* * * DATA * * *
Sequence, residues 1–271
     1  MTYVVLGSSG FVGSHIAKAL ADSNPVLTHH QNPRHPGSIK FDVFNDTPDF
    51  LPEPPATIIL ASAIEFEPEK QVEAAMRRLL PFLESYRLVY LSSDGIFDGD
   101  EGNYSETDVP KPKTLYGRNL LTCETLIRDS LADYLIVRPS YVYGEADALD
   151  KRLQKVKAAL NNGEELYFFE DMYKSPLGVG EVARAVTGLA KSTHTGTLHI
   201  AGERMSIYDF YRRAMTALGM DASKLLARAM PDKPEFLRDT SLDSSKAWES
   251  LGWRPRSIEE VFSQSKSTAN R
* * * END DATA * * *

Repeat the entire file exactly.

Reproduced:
Sequence, residues 1–271
     1  MTYVVLGSSG FVGSHIAKAL ADSNPVLTHH QNPRHPGSIK FDVFNDTPDF
    51  LPEPPATIIL ASAIEFEPEK QVEAAMRRLL PFLESYRLVY LSSDGIFDGD
   101  EGNYSETDVP KPKTLYGRNL LTCETLIRDS LADYLIVRPS YVYGEADALD
   151  KRLQKVKAAL NNGEELYFFE DMYKSPLGVG EVARAVTGLA KSTHTGTLHI
   201  AGERMSIYDF YRRAMTALGM DASKLLARAM PDKPEFLRDT SLDSSKAWES
   251  LGWRPRSIEE VFSQSKSTAN R